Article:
In the award-winning gay-themed film “Shelter,” Zach (Trevor Wright) lives in San Pedro, Calif., with his widowed father, his sister Jeanne (the amazing Tina Holmes) and her young son Cody. Between his high school and college years, Zach works as a short order cook in a diner when he’s not surfing, skateboarding, tagging, babysitting Cody or following his true passion, drawing.

Best friend Gabe (Ross Thomas) is off to college, and while he’s away his older brother Shaun (Brad Rowe of “Billy’s Hollywood Screen Kiss”), a writer, returns to town from L.A. Shaun crashes at the family home while everyone is out of town. Soon he and Zach are hanging out on a regular basis.

Following a day at the beach, and the consumption of a few beers, they kiss.

An already confused Zach is plunged further into uncertainty as he begins to confront his feelings of same-sex attraction — which goes a long way in explaining why he constantly rejects hot girlfriend Tori (Katie Walder). Eventually he goes with his heart and he and Shaun begin a serious romantic relationship.

Zach’s creativity flourishes and Shaun encourages him to re-apply to Cal Arts for school. All the while, Zach must deal with Jeanne’s homophobic hostility, not to mention wondering what would happen if Gabe ever found out about him and Shaun.

Jonah Markowitz, the gay writer/director behind the film, is a 1999 graduate of Emerson College in Boston, where he studied film. He took time out from promoting “Shelter” to answer a few questions about the project.

Greg Shapiro: “Shelter” is your well-received directorial debut. It’s won prizes at festivals, including two for your direction, and the reviews have been favorable. How does it feel for you to have that experience right out of the gate?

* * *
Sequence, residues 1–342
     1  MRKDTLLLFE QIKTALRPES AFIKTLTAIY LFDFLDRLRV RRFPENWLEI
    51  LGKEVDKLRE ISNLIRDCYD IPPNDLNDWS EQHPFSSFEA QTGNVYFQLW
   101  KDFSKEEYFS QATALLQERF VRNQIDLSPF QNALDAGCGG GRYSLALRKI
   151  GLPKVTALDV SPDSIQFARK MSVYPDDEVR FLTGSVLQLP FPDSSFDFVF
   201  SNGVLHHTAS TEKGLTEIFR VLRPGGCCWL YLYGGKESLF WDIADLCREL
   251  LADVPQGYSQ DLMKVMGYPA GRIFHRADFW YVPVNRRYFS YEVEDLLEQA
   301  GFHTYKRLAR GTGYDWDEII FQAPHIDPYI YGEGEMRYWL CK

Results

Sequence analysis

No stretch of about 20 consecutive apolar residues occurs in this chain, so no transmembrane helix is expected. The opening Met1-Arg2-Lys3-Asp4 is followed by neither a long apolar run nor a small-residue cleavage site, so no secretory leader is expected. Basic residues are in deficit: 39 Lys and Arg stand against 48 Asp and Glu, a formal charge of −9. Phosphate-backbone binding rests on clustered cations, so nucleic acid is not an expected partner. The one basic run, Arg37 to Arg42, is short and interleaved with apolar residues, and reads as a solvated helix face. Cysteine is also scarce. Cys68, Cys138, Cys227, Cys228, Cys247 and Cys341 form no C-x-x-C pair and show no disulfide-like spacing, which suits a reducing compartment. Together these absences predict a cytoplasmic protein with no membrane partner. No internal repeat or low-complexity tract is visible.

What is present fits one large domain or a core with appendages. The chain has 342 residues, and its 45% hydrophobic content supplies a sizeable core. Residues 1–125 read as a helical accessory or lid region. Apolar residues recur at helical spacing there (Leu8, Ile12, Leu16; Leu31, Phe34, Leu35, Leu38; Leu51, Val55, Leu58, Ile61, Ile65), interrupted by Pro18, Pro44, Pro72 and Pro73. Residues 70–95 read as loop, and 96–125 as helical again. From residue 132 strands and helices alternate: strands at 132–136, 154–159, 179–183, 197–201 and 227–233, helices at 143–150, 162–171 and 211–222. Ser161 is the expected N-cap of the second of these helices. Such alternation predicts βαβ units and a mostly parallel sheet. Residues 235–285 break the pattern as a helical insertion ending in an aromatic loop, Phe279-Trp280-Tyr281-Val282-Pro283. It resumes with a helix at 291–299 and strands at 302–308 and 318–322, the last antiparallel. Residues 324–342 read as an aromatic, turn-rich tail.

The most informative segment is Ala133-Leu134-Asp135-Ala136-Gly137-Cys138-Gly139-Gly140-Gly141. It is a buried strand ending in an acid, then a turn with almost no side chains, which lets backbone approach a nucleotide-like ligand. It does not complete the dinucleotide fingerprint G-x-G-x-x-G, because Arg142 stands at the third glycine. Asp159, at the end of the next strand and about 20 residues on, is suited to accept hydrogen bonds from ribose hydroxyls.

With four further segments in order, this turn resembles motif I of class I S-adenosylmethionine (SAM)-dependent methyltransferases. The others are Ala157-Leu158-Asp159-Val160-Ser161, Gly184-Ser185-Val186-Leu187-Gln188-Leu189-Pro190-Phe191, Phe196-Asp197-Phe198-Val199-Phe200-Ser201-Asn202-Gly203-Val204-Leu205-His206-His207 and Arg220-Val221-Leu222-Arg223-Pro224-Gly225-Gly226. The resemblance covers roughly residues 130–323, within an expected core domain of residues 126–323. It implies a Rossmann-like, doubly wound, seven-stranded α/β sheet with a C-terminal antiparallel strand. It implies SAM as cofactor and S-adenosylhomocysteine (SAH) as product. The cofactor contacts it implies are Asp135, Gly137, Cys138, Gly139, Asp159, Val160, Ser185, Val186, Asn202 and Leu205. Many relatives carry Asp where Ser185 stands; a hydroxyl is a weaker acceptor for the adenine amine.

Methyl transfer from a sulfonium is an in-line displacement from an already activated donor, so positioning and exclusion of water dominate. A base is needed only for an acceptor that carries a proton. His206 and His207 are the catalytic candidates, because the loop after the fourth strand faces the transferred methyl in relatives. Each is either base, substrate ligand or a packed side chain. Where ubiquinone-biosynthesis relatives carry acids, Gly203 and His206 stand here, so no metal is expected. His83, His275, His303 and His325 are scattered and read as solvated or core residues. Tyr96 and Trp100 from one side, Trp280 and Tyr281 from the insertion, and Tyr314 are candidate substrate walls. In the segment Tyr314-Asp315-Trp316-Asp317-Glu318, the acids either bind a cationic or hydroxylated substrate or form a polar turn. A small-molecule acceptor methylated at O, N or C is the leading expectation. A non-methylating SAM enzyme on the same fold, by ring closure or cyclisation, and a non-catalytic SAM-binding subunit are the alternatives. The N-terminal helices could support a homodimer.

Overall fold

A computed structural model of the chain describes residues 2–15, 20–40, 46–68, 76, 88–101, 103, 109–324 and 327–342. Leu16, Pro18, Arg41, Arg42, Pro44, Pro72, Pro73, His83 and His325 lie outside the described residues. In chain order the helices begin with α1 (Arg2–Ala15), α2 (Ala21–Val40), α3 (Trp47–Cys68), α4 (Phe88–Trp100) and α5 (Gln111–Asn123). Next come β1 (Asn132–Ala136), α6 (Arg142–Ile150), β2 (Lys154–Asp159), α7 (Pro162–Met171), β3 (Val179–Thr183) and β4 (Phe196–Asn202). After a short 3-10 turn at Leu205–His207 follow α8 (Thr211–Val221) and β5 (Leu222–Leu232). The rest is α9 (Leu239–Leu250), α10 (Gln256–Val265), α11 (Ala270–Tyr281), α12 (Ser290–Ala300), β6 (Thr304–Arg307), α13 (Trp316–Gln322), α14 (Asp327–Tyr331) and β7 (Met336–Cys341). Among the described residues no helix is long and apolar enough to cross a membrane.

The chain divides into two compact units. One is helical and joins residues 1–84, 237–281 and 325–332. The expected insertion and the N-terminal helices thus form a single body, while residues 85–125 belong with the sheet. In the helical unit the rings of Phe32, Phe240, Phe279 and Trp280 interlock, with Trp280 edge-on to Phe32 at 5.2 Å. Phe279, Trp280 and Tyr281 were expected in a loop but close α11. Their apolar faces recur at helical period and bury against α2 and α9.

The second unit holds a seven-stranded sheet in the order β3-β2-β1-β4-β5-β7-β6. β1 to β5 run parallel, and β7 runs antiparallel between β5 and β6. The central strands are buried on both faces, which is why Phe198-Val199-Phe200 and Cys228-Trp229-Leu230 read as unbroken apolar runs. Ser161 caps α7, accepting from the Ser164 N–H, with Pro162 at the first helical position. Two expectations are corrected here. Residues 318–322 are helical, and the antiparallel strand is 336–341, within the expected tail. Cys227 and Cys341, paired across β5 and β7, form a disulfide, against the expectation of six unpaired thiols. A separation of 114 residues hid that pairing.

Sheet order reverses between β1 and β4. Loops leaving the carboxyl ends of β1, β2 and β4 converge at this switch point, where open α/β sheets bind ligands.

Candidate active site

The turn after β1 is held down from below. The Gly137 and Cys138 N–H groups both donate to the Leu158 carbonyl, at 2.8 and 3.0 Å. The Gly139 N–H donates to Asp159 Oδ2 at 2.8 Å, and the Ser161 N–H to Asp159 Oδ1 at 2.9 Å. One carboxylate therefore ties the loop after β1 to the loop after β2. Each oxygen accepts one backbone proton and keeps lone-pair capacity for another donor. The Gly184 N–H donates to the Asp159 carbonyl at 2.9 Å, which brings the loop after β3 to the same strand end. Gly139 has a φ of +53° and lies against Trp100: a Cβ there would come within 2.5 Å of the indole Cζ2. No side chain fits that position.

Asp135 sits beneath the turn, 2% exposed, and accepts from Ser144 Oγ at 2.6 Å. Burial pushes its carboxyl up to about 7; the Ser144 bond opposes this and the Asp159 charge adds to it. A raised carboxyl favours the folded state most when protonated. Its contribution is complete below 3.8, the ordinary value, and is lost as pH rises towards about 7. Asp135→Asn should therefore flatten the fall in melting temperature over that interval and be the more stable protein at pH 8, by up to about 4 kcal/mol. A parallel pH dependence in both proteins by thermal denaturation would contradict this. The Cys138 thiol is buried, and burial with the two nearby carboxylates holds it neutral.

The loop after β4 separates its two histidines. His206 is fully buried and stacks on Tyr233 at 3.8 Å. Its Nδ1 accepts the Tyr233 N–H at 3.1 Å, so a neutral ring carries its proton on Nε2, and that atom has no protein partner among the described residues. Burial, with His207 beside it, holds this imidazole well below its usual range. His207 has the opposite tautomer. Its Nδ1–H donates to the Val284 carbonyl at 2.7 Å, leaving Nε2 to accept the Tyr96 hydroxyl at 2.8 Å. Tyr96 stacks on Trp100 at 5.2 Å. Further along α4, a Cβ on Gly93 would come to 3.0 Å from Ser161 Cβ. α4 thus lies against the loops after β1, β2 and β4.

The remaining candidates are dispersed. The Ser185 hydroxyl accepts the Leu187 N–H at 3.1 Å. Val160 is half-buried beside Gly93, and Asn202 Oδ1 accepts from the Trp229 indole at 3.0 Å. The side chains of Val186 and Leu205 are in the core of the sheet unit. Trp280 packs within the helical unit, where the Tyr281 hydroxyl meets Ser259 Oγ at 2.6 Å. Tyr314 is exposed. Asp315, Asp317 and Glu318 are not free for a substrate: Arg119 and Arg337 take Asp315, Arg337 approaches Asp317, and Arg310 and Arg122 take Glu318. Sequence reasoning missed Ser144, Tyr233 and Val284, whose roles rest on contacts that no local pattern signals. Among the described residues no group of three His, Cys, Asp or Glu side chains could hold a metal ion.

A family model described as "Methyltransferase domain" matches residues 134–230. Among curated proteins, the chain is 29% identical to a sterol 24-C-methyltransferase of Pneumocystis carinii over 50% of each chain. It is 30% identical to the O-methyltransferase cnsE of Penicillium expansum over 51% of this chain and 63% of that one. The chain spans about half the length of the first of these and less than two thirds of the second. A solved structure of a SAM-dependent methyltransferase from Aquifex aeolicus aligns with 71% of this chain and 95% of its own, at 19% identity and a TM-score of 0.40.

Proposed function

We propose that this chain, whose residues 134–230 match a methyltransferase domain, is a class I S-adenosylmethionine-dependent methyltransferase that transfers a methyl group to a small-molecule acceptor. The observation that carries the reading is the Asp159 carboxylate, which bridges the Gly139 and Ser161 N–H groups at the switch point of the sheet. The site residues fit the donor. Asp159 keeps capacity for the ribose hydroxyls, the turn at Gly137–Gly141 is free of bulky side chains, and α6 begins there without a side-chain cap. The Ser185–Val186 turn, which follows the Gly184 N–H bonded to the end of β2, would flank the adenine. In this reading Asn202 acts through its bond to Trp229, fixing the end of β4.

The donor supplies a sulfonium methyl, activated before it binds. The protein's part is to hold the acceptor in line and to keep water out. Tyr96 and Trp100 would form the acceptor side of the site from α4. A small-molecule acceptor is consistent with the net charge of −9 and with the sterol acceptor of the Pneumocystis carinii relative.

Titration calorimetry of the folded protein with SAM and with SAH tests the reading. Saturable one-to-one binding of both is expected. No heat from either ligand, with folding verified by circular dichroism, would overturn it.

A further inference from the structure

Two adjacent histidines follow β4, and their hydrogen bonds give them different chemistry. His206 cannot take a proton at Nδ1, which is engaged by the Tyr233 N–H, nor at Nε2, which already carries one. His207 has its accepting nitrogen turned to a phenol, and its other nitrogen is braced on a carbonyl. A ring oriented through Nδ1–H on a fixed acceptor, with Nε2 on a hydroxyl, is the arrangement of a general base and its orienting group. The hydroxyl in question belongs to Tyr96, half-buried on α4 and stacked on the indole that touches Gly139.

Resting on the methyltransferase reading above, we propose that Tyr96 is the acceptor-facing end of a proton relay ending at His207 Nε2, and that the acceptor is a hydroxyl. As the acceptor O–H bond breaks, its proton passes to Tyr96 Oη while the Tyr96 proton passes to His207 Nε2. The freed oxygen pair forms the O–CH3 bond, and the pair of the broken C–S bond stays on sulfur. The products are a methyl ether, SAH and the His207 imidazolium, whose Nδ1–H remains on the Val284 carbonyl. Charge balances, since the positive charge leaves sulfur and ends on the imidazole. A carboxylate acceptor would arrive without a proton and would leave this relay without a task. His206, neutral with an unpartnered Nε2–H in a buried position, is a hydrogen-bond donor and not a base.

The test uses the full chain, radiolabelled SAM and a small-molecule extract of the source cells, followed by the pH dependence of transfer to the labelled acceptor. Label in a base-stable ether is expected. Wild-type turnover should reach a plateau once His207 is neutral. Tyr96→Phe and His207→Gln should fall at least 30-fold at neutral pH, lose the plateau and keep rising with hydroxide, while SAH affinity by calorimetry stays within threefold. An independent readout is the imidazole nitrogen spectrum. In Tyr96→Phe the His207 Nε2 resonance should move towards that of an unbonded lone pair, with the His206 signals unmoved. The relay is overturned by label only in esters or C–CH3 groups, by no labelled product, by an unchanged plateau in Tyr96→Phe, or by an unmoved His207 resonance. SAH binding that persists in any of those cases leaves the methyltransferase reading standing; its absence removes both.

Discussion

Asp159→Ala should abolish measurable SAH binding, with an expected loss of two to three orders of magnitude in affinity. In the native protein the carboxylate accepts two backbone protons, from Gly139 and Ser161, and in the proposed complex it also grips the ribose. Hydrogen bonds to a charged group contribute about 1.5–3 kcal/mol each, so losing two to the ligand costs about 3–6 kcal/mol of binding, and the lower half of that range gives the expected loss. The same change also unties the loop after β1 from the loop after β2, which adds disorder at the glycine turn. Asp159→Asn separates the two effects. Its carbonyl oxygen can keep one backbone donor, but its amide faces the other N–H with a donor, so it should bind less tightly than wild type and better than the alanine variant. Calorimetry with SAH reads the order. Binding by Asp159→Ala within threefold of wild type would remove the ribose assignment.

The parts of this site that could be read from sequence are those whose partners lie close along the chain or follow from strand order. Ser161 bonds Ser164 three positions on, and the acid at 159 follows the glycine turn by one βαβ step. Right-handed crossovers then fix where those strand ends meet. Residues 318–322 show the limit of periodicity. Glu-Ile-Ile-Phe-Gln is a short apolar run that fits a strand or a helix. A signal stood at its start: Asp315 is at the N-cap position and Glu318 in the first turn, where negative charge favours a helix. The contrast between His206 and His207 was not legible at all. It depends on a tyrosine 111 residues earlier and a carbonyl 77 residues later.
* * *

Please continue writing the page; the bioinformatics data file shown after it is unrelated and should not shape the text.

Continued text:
Jonah Markowitz: It’s amazing! We’re obviously really excited about how it did on the festival circuit and now we’re just waiting to see how it does in wide release and see what the differences are with those two experiences. I’m really excited. I think that everyone involved with the movie really wanted to make something that would touch people and something that people could relate to. To see that it actually did is more than we could have ever hoped for.

The movie is set in San Pedro, Calif., a town immortalized in song by Mike Watt and the Minutemen. Why did you choose to set it there?

A couple of reasons. Obviously, surfing is a big part of the story. But it is also a very urban story, especially Zach’s world. So I needed a place that was both urban and also coastal and beautiful, as well. San Pedro fit the bill on that. Originally, it was set in Long Beach, which is just across the bridge that you see in the movie, the St. Thomas Bridge. We were driving around scouting [locations] and when we drove across the bridge and saw San Pedro, we totally fell in love with it. That house underneath the bridge and having the port and having it be so industrial, it all came together and was perfect.

I’m glad that you mentioned surfing because the character of Zach is a product of surf, skateboard and graffiti culture, while Shaun, who also surfs, finds his creative outlet in writing. Is there more of Jonah in Zach or Shaun?

I think there’s a little bit of me in both. I don’t know, maybe more Shaun, I think probably. When I was writing, I thought more Zach, but when I look at it now, probably more Shaun.